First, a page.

Religion And The Decline Of Magic: Studies In Popular Beliefs In Sixteenth And Seventeenth-Century England (Penguin History)
Religion And The Decline Of Magic: Studies In Popular Beliefs In Sixteenth And Seventeenth-Century England (Penguin History)
Religion And The Decline Of Magic: Studies In Popular Beliefs In Sixteenth And Seventeenth-Century England (Penguin History)

Religion And The Decline Of Magic: Studies In Popular Beliefs In Sixteenth And Seventeenth-Century England (Penguin History)

  • Publish Date: 2003-01-01
  • Binding: Paperback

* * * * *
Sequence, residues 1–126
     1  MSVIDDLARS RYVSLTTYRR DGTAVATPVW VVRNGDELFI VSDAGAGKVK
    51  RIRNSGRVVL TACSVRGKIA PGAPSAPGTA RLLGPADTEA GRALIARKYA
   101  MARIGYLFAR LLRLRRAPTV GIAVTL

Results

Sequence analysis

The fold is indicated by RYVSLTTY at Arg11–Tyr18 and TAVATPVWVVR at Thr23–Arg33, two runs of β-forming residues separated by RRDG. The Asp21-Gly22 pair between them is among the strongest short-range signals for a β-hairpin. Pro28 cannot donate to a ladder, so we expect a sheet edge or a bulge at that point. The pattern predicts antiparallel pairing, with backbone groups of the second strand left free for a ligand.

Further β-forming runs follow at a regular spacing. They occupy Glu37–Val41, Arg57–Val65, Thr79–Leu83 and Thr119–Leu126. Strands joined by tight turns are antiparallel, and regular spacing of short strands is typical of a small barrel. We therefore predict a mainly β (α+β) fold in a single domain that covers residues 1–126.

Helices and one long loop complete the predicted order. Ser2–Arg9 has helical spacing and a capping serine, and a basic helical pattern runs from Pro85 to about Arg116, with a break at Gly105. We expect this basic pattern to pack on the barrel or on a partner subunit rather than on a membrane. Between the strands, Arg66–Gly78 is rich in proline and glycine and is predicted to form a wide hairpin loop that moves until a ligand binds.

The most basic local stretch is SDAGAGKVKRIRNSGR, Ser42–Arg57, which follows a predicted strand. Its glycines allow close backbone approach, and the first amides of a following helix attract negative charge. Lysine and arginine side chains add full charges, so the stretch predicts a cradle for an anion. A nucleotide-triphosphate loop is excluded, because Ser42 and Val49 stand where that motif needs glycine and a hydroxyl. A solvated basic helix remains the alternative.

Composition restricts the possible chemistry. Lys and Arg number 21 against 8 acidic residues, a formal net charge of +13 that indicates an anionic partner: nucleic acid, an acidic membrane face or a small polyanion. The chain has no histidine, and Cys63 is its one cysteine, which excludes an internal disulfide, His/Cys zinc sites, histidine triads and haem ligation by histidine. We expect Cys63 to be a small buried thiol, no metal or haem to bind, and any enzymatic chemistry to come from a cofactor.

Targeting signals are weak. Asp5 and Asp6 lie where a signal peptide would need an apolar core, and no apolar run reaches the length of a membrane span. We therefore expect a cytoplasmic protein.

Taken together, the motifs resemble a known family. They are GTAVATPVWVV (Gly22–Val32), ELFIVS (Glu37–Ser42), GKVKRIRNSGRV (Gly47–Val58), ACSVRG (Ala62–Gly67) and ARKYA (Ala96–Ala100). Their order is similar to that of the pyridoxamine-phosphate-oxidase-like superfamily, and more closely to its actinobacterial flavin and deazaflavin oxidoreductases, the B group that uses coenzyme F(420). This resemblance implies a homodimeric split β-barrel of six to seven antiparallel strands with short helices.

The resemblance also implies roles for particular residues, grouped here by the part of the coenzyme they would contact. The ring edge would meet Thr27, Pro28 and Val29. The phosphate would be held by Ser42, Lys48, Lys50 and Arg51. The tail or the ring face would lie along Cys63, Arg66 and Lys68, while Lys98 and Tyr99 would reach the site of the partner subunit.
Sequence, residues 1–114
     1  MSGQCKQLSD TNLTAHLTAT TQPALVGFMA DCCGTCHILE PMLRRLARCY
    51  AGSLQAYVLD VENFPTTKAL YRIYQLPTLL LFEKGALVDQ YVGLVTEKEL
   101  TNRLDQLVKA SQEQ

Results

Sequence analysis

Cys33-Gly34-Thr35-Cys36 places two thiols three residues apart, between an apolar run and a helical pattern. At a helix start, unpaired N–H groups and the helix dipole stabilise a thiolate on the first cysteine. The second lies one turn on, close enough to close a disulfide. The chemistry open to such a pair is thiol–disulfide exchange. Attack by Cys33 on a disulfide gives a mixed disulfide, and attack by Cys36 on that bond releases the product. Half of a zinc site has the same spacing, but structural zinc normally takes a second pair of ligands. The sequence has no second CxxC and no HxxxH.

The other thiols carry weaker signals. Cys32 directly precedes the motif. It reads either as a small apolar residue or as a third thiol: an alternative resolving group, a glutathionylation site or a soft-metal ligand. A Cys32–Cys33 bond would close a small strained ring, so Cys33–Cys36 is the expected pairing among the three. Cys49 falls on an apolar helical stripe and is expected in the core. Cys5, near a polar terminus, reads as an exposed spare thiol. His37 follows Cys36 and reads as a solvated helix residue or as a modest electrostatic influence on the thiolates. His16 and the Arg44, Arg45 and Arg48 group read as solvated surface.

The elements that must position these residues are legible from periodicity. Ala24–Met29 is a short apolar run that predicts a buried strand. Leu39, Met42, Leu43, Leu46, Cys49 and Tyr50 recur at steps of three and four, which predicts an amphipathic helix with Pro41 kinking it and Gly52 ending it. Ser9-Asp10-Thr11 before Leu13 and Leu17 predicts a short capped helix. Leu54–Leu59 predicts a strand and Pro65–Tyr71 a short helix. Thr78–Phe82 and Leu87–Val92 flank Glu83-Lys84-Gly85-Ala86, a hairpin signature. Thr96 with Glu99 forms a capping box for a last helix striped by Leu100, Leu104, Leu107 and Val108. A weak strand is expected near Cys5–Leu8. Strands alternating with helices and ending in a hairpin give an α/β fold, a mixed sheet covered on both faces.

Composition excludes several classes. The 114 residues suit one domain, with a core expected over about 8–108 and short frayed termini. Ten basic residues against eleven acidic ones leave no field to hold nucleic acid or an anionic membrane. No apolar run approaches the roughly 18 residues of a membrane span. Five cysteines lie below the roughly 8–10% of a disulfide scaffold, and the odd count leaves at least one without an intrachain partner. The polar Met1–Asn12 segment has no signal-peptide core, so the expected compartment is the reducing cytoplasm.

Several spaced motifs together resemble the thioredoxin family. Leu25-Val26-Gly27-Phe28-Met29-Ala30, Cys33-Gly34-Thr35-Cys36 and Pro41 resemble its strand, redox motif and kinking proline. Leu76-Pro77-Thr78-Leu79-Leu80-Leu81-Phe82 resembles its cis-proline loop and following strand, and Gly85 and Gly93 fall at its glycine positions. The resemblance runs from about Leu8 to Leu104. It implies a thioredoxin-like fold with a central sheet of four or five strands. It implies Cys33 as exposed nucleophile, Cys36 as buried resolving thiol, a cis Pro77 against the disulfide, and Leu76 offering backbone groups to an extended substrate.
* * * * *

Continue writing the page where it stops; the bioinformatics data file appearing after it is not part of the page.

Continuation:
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Witchcraft, astrology, divination, and every kind of popular magic flourished in England during the 16th and 17th centuries, from the belief that a blessed amulet could prevent the assaults of the Devil to the use of the same charms to recover stolen goods. At the same time the Protestant Reformation attempted to take the magic out of religion, and scientists were developing new explanations of the universe. Keith Thomas's classic analysis of beliefs held on every level of English society begins with the collapse of the medieval Church and ends with the changing intellectual atmosphere around 1700, when science and rationalism began to challenge the older systems of belief.

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